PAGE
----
4. Laying Spinal Twist – Pull your right knee in to the chest, interlacing your fingers behind the thigh and try to extend it straight up. Let your left leg extend straight on the mat. You may be able to slide your hands further up the lifted leg, to the calf, ankles or toes. You may also want to keep a purposeful bend in the knee, being gentle and mindful of your progression day after day. Sway the leg slowly, opening it out to the side, bringing back to center, and over-crossing it slightly to the left. Repeat a few times. Next, cross the right leg to lower it all the way to the left side for your laying spinal twist. Reach the right arm out to the right side, and use your left hand to support your right leg. If the stretch is too intense, bend the right knee. Take about 5 deep breaths here. Repeat this through on the other side, to keep things even and not just work on the injured side.

5. Half Happy Baby – With the left sole down to the mat, draw your right thigh in to your belly and clasp hold of the back of the thigh. Try to maintain a 90 degree angle in the right knee. Flex your right foot. Keep your hip, knee and ankle in line, so they are doing the same thing. Relax here, but every so often push your foot in to your hand to ensure it stays active and check in with how it feels.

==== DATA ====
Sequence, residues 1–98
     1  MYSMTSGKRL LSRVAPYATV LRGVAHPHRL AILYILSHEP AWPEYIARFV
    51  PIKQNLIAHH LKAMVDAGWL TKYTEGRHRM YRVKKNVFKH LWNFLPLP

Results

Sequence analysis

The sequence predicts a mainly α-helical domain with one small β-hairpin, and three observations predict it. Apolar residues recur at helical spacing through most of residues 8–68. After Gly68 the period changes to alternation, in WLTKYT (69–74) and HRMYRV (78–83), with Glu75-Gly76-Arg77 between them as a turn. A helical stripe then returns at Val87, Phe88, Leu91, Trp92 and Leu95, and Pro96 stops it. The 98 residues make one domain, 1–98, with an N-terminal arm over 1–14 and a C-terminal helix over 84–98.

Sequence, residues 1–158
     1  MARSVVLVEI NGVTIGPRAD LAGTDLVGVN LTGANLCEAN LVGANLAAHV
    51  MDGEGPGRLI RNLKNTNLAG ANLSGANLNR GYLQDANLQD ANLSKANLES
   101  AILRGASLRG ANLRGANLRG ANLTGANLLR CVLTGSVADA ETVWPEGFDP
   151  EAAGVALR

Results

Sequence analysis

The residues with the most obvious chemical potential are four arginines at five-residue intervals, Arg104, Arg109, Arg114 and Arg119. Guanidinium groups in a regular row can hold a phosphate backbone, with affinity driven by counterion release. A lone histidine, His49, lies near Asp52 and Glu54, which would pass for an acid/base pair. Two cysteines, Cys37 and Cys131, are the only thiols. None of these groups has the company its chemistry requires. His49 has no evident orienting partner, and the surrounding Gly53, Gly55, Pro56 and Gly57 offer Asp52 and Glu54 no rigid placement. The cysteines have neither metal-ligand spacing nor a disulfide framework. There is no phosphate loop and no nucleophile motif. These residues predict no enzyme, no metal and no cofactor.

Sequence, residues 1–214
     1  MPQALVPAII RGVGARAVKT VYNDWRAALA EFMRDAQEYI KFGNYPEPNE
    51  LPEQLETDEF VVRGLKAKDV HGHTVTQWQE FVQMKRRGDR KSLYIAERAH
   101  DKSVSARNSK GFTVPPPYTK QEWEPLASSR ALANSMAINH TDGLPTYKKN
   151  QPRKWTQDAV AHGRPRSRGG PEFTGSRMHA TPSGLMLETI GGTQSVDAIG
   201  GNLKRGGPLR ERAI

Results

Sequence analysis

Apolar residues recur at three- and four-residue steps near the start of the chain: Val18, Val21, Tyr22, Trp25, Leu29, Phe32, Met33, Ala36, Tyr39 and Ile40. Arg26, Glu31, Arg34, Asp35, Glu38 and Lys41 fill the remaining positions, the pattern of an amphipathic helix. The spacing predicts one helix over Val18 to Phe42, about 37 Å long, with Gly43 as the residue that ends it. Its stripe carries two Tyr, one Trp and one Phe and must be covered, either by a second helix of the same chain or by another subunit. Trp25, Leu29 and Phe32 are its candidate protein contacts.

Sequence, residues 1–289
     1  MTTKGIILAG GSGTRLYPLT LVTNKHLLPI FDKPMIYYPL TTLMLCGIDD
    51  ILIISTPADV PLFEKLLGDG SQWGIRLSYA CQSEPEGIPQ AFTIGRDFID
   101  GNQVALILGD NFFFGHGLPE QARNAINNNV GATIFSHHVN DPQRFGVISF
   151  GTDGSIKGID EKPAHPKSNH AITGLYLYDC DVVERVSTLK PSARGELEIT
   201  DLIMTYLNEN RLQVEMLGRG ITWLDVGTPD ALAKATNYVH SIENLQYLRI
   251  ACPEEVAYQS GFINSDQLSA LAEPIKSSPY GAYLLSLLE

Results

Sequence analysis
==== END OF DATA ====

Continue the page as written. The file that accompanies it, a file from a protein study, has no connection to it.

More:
6. Reclined Pigeon Pose – Cross your right ankle as close to the top of the thigh as possible. Keep the foot flexed. Try to push your right knee away from you. This might be more than enough, in the first week of my recovery this was all I could do. Now that I have a bit more motion, I’m able to pick the left leg up off of the floor. If you are lifting the left foot too, hold on to the back of left thigh or front of the shin.

7. IT Band Stretch – Keeping the figure four position with the legs. Return your left foot back down to the floor. Then drop your left knee to the floor as you try to bring the right foot down to the left side too. If it remains lifted, bring a block underneath it. I place a jelly on the floor under my foot for extra traction. Keep your knee from buckling in. Remember that what your foot is doing, your knee and hip should also be doing. Either hold on to your ankle or use your hand to very lightly open the thigh away from you. Reach the right arm out to the side to complete the twist. Release the grip, lifting the legs back up and uncross them.

Repeat 5-7 through on the other side, starting with Half Happy Baby, to ensure you aren’t forgetting one side because the other is injured.

If you would find it easier to see and hear me guiding you through these stretches, follow along with the video below.

Happy Healing,

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Yoga with Kassandra – Disclaimer
Please consult with your physician before beginning any exercise program. By participating in this exercise or exercise program, you agree that you do so at your own risk, are voluntarily participating in these activities, assume all risk of injury to yourself, and agree to release and discharge Yoga with Kassandra from any and all claims or causes of action, known or unknown, arising out of Yoga with Kassandra’s negligence.